Yesterday's Magazette

5 – Walking Into Yesterday

Walking Into Yesterday

By Madonna Dries Christensen
Christopher and Leah James and their son live in a charming, 14 room Victorian home built in 1900 in Perry, Florida. While refurbishing after moving there in 2006, they discovered 11 concealed fireplaces. They are now all beautifully restored and tiled.

The two floors each feature a center hall, with a porch at each end. All the rooms open off the hall. An impressive staircase along one side rises to the second floor. Both halls are wide enough to hold furniture as well as glass-front cabinets revealing collections of vintage Halloween, Thanksgiving, and Christmas décor. The family operates a gift and floral shop in another old house they own, and a Christmas shop downtown.
Among many past and current occupations, Christopher James is a gardener. His garden in North Palm Beach and his garden in Perry have been featured in Florida Gardening magazine, and the NPB garden in Easy Care Landscaping. Starting with a blank slate on the one acre property in Perry, he began work on the garden with a pathway created from some 11,000 bricks shipped from his North Palm Beach yard. The walk begins at the front gate and leads to the house, featuring a wrap-around porch furnished with a swing, wicker chairs and tables, eclectic artifacts, and potted plants. In the yard, meandering paths take visitors to nooks filled with blooms, statuary, and collectibles. A footbridge curves over a pond alive with koi and water plants. The original carriage house is now a potter’s shed, with a greenhouse added in keeping with the style of the shed and the big house. On the shed porch, flowering geraniums and petunias spill from galvanized steel wash tubs and boilers. A collection of metal sprinkling cans line a shelf on the back porch.
While the garden is glorious and unique, I was more interested in the antiques, meaning the house and its furnishings. Tastefully decorated, visitors view furniture, Tiffany light fixtures, lamps, portraits and paintings, radios, school desks, clothing, hats, high-button shoes, jewelry, books, kitchen utensils, china, and glassware. We were served lunch on pink and green Depression glass plates and parfait glasses.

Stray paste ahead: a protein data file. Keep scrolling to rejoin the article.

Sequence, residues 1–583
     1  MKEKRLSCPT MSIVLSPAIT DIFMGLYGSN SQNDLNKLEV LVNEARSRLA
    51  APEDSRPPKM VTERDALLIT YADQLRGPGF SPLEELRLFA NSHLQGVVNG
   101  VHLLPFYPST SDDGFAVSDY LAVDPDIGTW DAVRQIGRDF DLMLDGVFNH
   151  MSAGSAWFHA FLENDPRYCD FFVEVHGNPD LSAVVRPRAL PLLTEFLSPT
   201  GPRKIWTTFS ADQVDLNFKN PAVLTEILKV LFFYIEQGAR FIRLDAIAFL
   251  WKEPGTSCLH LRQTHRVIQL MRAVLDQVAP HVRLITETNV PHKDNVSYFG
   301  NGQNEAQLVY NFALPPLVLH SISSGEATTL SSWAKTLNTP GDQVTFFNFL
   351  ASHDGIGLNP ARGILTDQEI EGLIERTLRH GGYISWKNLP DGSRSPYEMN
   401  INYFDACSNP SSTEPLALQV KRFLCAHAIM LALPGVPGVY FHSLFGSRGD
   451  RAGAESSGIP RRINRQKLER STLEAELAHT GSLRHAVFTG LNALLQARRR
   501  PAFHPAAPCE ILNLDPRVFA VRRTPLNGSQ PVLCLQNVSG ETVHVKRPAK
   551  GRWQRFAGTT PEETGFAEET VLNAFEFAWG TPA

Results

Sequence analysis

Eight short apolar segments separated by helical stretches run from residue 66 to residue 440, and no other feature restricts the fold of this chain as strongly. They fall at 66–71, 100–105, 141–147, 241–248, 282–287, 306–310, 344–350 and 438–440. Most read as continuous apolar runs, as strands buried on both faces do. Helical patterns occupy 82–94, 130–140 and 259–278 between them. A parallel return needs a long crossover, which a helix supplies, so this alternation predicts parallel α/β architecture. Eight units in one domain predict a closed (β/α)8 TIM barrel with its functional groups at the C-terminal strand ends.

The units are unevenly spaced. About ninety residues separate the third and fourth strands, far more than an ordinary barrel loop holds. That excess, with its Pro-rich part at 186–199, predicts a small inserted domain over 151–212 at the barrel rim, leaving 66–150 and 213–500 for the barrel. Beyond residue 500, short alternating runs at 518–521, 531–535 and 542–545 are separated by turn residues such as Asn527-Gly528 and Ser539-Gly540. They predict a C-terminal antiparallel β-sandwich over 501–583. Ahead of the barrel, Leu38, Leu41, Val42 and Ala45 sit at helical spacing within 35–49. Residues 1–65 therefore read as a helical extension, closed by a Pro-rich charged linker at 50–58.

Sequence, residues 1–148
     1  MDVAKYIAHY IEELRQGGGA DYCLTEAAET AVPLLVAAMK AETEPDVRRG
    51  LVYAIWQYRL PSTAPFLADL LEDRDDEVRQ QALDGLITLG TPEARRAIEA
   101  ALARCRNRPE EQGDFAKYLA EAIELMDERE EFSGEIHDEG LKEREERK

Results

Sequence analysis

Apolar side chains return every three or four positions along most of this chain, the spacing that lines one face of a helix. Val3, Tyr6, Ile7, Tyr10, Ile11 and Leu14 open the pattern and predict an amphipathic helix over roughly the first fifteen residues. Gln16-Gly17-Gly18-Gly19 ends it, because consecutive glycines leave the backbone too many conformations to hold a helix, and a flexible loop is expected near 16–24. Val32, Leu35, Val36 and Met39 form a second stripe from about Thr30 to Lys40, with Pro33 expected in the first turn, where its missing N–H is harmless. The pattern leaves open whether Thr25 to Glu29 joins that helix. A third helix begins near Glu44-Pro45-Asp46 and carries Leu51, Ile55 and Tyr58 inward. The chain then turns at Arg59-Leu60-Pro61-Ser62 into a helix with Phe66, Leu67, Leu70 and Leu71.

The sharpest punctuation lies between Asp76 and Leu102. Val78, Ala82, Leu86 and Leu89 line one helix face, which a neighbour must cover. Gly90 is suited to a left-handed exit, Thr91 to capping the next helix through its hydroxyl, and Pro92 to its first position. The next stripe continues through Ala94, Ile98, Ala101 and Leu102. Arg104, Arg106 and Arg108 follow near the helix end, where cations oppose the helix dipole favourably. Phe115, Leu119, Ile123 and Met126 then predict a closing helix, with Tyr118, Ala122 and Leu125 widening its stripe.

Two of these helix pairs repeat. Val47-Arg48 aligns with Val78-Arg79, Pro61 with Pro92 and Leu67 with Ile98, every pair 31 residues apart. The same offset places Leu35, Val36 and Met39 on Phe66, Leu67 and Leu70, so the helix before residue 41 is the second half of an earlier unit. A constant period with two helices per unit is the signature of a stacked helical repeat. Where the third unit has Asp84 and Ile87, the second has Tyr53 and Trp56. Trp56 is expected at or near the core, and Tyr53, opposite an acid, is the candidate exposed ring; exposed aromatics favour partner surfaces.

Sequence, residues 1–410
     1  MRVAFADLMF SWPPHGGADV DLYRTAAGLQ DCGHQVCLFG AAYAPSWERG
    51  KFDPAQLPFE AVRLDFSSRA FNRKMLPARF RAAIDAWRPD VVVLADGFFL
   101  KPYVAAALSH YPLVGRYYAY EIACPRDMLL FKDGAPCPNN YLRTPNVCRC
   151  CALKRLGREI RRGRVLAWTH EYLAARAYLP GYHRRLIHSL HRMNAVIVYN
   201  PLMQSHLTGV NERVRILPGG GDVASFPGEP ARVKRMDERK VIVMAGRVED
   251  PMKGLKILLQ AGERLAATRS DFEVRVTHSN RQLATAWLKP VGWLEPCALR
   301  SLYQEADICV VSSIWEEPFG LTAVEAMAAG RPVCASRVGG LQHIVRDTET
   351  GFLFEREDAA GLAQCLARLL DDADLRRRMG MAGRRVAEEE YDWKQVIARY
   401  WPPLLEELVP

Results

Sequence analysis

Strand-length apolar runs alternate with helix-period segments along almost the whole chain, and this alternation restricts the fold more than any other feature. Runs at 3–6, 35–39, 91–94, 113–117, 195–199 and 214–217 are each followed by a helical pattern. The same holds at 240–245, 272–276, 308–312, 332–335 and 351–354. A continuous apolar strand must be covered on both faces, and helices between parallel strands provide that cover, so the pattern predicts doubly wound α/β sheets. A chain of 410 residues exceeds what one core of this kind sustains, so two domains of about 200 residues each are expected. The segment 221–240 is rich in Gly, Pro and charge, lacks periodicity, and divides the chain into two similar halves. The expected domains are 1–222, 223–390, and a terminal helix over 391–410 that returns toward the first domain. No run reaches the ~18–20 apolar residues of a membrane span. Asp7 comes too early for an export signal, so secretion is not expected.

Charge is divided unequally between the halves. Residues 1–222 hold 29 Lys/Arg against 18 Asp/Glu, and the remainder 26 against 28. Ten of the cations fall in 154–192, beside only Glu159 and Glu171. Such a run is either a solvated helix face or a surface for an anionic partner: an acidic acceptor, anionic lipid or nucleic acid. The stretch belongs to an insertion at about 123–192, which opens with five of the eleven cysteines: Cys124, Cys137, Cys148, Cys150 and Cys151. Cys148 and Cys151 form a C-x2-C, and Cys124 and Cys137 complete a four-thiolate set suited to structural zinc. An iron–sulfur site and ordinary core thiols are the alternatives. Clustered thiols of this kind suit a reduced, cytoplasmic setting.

Next to the dining room, separated by double pocket doors (another set leads to the hall), is the formal parlor. This room was once used in a scene for the movie County Road 14. When Christopher was asked to decorate the set for another movie, Hiding Victoria, he moved the parlor furnishings to the location.
Across the hall from the parlor, The Music Room features an old organ.
The Toy Room is decorated with vintage playthings. Circus posters and board games hang on the walls, and Christopher’s father’s childhood train is displayed on a shelf. A showcase holds a collection of British sailor dolls by Norah Wellings. She created her dolls from cloth, with molded heads and painted features; some with side-glancing eyes. The dolls were often sold on cruise ships as souvenirs. Christopher purchased this group from a man who had collected them while on cruises.

The White Room upstairs is furnished with Christopher’s aunt’s belongings: Chairs, lamps, pictures, and a Singer pedal sewing machine. A white crocheted spread covers her bed and her wedding dress and other gowns hang in an armoire.
The master bedroom has a corner niche that serves as an office with contemporary equipment. The modern touch is concealed with draperies drawn across it. Christopher pointed out a highboy that was appraised by one of the Keno brothers (Leslie and Leigh), known for their appearances on Antiques Roadshow. Christopher says he’d like it if even one of the items in his house was worth a million dollars. It would help defray expenses on his many endeavors. My guess is the entire crew of Antiques Roadshow would swoon over this showplace.
As a concession to convenience, the kitchen was updated and the pantry converted to a powder room. In another room, a small television is conspicuous but, again, the family uses this room. I believe this is where we saw a display box holding several wreaths made of human hair. These were popular in the 18th and 19th centuries, as was jewelry made from hair of deceased loved ones.
Throughout the house are dozens of porcelain, china, and composition vintage dolls. They cluster on sofas, or sit alone in high chairs or small carriages; they recline on beds, or perch on shelves. The dolls belonged to Christopher’s grandmother, so he is fond of them; his favorites being a male and female pair with china heads. When his grandmother died, his mother inherited the dolls, but she did not want them; she found them creepy. She gave them to Christopher. A Kestner doll with a porcelain face wears her blonde hair in pigtails. If this beguiling creature could speak for all the dolls, the story might go something like this:
The little girl in the house where we lived did not get along with her mother. Nor did she like us, her mother’s dolls. One day, the girl pulled the hair off all our heads, leaving us bald. Her mother put us in a closet, in shoebox beds.  Then, whenever, she had her hair cut, she saved the hair and it made into wigs for us. Now we all have her hair. Maybe that’s why the mother who was the little girl thinks we’re creepy.
This is an enchanting home to visit. When asked how he keeps this memorabilia museum dusted, Christopher said he uses a feather duster. My imagination told me it would be only fitting if his duster was something exotic, perhaps peacock or ostrich feathers from the Vaudeville era.
(Also in this issue, read Christopher’s ghost story. If you’d like a tour of his garden/home/haunted gift shop, call 561-379-6194. He also has a Christmas shop: )

Vol. 37 No. 3 – Yesterday’s Magazette – Fall – 2010


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